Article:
Ever felt butterflies in your tummy when you’re nervous or suffering from digestive problems during periods of stress and anxiety? This is a sign of the link between the gut and the brain, which we’re only just starting to learn more about.
According to research, your brain and your gut are interlinked and can have big effects on each other. The gut is called “the second brain” by experts for this reason. There’s another dimension to this too, with both the gut and the brain being linked to the immune system too. This can extend to autoimmune diseases, and experts are increasingly looking into the idea that autoimmune conditions may start in the gut.
What is autoimmune disease?
Before we dive into the link between the gut-brain and the gut-immune connections, let’s talk briefly about the immune system and autoimmune disease.
Under normal circumstances, your immune system is designed to protect your body against viruses, bacteria and other nasties that can be harmful. It also produces antibodies that offer protection against viruses that you have been exposed to in the past.
For some people, the immune system acts on healthy cells rather than invaders and produces auto-antibodies in response to this. This is known as autoimmunity and causes a lot of the symptoms that we associate with autoimmune disease.
The gut-brain link
Your brain has plenty of neurons, which tell your nervous system what to do. There is a less well-known part of the central nervous system in the gut called the enteric nervous system, which lies in the lymphatic tissues below the lining of the intestines. It uses the same type of neurons and neurotransmitters as the central nervous system.
The brain and gut are also linked by neurotransmitters, which are produced in the brain. One of the most well-known neurotransmitters is serotonin, which controls your mood. A lot of neurotransmitters are also present in your gut. In fact, a huge proportion of serotonin is produced there, rather than in your brain. This means it’s super important to help your gut to produce the right levels of serotonin and be in the best shape to harness it.
The gut-immune link
Your gut does a lot more than just digest and absorb nutrients from your food and excreting waste products. It’s also involved in helping your body to fight off bacteria and germs that could make you sick. There are a huge number of immune cells in your gut.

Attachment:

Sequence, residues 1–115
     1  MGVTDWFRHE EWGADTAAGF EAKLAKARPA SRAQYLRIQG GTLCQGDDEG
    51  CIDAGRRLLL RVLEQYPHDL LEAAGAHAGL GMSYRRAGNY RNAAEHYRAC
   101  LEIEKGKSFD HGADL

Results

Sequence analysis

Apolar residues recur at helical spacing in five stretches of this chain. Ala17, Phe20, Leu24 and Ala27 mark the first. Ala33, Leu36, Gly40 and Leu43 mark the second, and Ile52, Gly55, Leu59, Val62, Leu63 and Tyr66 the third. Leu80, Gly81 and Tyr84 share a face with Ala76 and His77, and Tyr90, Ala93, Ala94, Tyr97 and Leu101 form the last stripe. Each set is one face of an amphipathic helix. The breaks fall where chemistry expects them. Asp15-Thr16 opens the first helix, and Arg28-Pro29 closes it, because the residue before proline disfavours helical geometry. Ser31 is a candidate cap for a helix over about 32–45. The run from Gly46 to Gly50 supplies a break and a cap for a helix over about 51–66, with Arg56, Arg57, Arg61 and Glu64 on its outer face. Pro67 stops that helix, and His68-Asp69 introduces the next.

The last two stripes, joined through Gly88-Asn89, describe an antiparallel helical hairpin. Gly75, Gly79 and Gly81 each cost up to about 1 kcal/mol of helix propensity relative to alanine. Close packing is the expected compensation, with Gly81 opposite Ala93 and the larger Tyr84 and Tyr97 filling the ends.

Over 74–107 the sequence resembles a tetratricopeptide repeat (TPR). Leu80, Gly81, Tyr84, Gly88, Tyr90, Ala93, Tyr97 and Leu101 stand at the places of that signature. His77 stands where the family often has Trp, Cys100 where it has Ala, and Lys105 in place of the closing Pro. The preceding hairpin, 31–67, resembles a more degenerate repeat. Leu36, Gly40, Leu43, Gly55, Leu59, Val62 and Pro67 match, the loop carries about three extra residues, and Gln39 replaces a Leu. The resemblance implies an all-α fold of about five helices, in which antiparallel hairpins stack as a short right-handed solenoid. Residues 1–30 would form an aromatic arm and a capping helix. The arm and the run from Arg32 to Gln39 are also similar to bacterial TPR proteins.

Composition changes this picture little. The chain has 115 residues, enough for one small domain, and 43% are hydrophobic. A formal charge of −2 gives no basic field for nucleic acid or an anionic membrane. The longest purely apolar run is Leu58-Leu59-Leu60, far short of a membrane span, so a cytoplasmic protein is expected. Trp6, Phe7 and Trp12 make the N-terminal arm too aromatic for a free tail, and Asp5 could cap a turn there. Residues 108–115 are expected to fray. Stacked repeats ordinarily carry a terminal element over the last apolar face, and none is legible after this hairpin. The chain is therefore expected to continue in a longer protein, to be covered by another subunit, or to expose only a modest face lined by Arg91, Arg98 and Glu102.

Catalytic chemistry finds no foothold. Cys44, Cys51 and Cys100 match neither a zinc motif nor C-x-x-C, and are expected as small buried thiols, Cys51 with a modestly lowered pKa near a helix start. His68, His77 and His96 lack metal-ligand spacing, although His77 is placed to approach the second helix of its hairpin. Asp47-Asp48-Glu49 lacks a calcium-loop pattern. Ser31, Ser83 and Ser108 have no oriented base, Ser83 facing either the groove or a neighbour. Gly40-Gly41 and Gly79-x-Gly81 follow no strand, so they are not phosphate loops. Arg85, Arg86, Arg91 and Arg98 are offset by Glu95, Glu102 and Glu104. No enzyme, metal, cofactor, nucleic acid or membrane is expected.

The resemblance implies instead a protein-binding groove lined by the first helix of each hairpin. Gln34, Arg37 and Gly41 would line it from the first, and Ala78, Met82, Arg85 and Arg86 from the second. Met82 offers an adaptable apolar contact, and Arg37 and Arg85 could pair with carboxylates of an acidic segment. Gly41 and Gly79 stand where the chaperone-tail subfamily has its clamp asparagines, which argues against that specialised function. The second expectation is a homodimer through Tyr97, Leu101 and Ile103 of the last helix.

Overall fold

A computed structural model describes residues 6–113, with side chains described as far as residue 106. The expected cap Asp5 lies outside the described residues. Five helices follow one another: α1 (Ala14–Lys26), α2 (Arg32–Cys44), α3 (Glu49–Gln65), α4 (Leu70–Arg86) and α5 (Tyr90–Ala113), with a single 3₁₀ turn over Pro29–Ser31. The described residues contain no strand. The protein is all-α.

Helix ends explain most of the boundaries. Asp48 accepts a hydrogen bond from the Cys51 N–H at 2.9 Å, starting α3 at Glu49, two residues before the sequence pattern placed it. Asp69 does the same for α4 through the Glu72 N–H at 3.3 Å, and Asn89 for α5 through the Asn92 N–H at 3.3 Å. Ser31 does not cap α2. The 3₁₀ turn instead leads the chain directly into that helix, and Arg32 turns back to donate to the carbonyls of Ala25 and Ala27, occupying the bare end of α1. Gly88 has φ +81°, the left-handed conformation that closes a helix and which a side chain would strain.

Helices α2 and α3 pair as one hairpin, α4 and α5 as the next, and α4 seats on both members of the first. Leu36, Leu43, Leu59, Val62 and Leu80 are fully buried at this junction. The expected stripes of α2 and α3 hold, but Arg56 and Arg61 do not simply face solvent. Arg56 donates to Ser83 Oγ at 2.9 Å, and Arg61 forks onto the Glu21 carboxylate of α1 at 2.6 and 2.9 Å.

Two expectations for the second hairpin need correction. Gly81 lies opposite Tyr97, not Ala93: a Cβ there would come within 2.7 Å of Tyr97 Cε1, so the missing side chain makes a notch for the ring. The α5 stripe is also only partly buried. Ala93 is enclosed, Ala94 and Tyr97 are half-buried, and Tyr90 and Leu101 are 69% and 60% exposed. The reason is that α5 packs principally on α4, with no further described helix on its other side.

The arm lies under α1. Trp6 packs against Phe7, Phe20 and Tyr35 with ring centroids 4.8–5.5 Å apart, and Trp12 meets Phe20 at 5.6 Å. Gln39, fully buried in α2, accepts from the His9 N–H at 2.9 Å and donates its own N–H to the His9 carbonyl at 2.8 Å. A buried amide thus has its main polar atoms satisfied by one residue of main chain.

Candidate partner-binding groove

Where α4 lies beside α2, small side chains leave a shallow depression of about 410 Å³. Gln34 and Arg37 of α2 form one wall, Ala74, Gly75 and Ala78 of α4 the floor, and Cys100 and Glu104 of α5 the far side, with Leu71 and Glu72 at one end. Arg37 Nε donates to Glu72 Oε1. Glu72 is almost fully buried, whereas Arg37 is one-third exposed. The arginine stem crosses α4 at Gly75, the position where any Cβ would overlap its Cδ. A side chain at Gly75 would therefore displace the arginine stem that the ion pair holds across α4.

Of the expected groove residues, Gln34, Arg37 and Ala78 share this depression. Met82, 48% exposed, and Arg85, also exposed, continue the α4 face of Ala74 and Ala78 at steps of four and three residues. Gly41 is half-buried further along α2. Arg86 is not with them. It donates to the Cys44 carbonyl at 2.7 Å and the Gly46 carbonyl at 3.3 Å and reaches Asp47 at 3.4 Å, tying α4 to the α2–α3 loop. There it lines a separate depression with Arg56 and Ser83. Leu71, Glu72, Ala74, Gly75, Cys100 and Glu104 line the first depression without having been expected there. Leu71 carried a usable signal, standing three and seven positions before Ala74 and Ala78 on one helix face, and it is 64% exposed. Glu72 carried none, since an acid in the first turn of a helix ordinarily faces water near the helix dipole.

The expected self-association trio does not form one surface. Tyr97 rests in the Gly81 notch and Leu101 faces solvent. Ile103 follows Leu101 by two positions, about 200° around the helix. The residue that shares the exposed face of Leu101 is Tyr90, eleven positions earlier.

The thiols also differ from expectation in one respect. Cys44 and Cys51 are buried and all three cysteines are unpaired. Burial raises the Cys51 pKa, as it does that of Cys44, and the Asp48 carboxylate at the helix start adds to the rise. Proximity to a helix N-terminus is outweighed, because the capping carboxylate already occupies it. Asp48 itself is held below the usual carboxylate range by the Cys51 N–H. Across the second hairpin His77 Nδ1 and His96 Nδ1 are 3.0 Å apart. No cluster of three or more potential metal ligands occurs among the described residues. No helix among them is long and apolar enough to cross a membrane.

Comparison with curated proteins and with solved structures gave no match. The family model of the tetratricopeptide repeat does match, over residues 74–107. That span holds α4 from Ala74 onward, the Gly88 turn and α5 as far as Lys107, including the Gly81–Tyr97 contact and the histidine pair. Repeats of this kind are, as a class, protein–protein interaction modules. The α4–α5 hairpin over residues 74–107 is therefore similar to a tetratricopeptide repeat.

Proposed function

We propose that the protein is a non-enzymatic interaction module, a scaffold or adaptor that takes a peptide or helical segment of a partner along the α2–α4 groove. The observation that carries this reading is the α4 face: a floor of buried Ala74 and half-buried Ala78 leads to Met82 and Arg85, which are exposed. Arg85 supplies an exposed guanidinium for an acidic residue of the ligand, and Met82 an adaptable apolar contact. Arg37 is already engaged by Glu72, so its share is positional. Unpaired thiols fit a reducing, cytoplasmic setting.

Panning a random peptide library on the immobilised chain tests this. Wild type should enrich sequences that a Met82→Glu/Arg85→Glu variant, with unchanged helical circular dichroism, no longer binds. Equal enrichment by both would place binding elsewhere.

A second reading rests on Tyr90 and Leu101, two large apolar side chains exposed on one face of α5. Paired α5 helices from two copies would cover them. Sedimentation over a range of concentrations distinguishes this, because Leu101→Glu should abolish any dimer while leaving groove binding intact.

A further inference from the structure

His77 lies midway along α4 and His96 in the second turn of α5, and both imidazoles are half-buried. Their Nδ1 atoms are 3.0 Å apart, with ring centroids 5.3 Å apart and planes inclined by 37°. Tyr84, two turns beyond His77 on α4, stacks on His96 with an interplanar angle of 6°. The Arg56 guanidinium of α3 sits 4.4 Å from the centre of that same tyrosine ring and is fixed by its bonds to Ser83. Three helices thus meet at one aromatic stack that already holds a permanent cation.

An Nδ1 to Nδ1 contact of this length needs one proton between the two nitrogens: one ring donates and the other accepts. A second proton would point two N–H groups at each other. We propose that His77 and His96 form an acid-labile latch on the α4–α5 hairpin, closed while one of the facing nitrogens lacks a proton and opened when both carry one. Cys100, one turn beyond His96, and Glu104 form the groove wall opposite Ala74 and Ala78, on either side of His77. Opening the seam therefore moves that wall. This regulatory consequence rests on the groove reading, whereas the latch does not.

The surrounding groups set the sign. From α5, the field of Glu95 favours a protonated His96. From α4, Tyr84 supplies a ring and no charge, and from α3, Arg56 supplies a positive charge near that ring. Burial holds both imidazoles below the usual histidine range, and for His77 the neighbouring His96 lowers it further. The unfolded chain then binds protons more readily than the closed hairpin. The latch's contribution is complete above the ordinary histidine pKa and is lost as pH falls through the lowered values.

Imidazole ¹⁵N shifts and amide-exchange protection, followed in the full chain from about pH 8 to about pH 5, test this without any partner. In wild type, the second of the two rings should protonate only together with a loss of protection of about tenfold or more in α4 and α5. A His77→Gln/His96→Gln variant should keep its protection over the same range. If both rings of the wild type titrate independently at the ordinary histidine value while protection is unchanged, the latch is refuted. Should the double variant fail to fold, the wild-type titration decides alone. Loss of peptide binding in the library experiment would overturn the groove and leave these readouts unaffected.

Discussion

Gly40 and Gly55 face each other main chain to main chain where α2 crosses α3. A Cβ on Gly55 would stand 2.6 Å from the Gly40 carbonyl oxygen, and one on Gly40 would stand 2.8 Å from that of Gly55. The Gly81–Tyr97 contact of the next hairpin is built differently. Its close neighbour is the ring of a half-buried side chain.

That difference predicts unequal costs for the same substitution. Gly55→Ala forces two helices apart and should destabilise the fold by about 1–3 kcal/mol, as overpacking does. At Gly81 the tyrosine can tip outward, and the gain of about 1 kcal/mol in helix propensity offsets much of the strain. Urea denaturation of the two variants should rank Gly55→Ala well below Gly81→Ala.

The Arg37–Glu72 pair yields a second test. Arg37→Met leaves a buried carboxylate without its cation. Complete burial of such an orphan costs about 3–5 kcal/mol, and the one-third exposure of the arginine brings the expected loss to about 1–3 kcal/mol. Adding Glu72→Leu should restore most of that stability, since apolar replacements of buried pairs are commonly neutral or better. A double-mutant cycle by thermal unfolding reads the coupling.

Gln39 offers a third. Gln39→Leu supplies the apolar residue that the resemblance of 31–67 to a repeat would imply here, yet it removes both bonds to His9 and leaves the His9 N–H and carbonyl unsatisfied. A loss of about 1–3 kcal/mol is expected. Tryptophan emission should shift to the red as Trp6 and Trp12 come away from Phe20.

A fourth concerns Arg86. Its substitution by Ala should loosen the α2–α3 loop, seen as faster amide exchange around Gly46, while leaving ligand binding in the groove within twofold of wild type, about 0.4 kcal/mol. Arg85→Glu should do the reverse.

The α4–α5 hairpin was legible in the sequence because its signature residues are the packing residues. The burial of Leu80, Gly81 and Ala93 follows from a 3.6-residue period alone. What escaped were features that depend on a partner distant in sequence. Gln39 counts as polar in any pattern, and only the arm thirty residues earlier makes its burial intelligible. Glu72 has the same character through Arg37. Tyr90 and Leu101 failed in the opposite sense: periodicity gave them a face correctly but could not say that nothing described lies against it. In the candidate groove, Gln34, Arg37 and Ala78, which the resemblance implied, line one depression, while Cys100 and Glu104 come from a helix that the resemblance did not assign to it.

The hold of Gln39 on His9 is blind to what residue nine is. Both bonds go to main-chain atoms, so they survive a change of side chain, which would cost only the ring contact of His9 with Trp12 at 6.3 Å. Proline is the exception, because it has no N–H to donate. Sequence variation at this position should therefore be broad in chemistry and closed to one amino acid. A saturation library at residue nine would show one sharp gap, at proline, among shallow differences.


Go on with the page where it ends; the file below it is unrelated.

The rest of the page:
When “bad” bacteria get the opportunity to outnumber the “good” bacteria in your gut, it sets the scene for a lot of health problems, and this includes poor immunity and the development of autoimmune diseases. Inflammation in the gut can be a big factor in autoimmune diseases, including autoimmune encephalomyelitis and multiple sclerosis.
Its role in inflammatory Bowel Disease (IBD) probably won’t be a great surprise but an unhealthy gut can be involved in autoimmune diseases that are nothing to do with the gut itself.
Studies on mice have shown that bacteria in the gut can travel to other parts of the body and trigger an autoimmune response, according to a study from Yale. The research focused on a bacterium called Enterococcus gallinarum, which can relocate itself to the lymph nodes, liver, and spleen. They found that tissues outside of the gut kick-started the productin of markers of autoimmune responses. This was reduced in mice by using vaccines and antibiotics that targeted E. gallinarum, which stopped it from growing in the tissues and meant it had less effect on the immune system.
Researchers believe that dopamine signalling also controls the inflammatory response to prevent it from going haywire. With autoimmune conditions, the immune system attacks healthy cells. Animal studies have suggested that controlling dopamine could help to stop this from happening, although more research needs to be done to confirm this possibility.
Research is also finding links between Leaky Gut Syndrome and autoimmune conditions such as lupus, Hashimoto’s, Graves’ Disease, rheumatoid arthritis, celiac disease, and type1 diabetes. If the food that hasn’t been digested properly is able to leak through the lining of the intestines, it tells the immune system that it needs to produce antibodies and leads to the range of symptoms that characterize Leaky Gut Syndrome. The immune response can go far beyond the gut, and it’s been suggested that it can be a big culprit in autoimmune disease in general.
It’s looking more and more likely that an unhealthy gut could be a major factor in autoimmune disease and that doing what you can to help your gut heal could be highly beneficial for autoimmune disease
If you liked these tips, check out my daily inspirational posts in my free Facebook support group, Healing the Gut for Women Midlife & Beyond. My Facebook group is a great way to stay motivated and inspired to eat healthily and live a healthy lifestyle. The group is also an excellent resource for finding new recipes, tips, and tricks for eating healthy and living a healthy lifestyle.